Providers, are you aware that the Affordable Care Act (ACA), often referred to as “Obamacare,” mandates a compliance plan for those participating in Medicare and Medicaid? It’s surprising how many providers lack such a plan. This isn’t a one-size-fits-all document from the internet; it’s a dynamic tool that requires regular review and updates to align with changing regulations. Our General Counsel, Julie Janeway, and our compliance expert, Emily Wolfston, MSA, have developed these plans to simplify things for providers and provide them with a clear path to stay on the right side of the Office of Inspector General (OIG).
Why are we bringing this up? While the consequences of violating this rule aren’t entirely clear, it’s a mandate. Speculation suggests that violations could result in civil and administrative penalties at the very least, but more broadly, it could seriously impact your revenue cycle. We consistently emphasize the importance of a compliance plan that includes self-audits. This is the one area where providers can ensure their billing practices comply with regulations. Admittedly, those with fraudulent intent may disregard such a program, but for those committed to doing the right thing and maintaining control during audits or inquiries, a compliance program is crucial for success.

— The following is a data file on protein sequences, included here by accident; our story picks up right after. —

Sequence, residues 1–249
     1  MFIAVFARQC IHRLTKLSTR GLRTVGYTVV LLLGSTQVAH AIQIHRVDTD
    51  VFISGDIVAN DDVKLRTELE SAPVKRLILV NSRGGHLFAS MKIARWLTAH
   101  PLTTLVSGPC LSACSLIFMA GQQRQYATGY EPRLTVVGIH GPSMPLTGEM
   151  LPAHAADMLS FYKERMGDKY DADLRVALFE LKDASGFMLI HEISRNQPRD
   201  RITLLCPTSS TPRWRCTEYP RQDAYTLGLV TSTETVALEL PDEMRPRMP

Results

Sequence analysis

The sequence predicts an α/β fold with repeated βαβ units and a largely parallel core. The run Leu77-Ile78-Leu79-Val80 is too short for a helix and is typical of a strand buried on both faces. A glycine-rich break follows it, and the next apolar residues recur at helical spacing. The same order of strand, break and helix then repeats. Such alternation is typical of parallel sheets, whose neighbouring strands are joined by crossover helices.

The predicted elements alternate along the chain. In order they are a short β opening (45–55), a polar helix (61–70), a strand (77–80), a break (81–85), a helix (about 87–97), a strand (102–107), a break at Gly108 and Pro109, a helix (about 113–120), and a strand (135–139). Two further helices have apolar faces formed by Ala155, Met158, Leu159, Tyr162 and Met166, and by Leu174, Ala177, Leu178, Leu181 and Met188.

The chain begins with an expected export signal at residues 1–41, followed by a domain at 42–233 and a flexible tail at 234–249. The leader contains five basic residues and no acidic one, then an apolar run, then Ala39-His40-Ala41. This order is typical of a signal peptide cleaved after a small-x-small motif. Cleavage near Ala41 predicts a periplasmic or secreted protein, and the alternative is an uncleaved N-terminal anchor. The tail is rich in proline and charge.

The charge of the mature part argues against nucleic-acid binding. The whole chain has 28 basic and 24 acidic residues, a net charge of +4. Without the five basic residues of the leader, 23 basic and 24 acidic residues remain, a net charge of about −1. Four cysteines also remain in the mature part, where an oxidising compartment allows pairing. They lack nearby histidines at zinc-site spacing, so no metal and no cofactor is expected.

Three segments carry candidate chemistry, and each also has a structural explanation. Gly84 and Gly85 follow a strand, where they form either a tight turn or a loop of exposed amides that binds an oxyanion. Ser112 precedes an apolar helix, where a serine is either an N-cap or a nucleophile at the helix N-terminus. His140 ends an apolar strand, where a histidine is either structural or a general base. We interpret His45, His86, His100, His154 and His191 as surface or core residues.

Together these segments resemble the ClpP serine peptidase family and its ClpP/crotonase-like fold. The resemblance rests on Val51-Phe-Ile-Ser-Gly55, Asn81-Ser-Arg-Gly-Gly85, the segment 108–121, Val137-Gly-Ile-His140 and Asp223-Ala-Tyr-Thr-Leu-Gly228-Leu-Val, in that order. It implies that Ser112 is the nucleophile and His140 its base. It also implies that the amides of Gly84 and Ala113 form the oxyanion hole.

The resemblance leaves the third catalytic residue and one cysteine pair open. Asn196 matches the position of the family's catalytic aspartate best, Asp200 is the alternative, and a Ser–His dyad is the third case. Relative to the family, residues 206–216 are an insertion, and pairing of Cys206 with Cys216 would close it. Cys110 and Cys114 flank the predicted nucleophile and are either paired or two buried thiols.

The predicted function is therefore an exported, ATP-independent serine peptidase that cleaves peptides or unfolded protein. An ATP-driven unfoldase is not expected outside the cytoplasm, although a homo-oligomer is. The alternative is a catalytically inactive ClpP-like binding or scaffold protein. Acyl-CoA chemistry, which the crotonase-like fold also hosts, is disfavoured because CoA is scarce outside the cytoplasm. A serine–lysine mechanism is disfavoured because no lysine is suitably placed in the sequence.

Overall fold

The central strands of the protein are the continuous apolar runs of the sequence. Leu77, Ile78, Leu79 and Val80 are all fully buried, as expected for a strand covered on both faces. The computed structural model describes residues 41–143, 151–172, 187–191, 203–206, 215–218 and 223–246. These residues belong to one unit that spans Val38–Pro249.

The OIG’s Model Compliance Guidance outlines seven areas to consider, although not all may be applicable. Nevertheless, self-auditing should always be a part of the program, and it should never be an in-house endeavor. Engaging a third-party entity is essential to provide an objective and honest assessment of documentation in relation to policies and rules. At Advize, we take this aspect seriously, conducting documentation reviews in line with OIG “Best Practices” and following published CMS guidance. There should be no room for guesswork in this area. When clients approach us about internal audits, our first question is, “What is the purpose and goal?” More often than not, providers lack a plan and are unaware of the ACA requirement.
When embarking on proactive actions like self-auditing, it’s crucial to define the parameters of the review. We are frequently asked about the right number of records to review and the review frequency. While the review frequency is subjective, the number of records should always align with CMS guidelines (typically 20-40 records for a probe sample, as per the CMS Program Integrity Manual). A statistically valid random sample can be as small as 100 records, depending on various factors related to confidence levels. By adhering to CMS guidance, a practice can establish a logical rationale for the number of records reviewed and leverage this information as actionable intelligence for the future.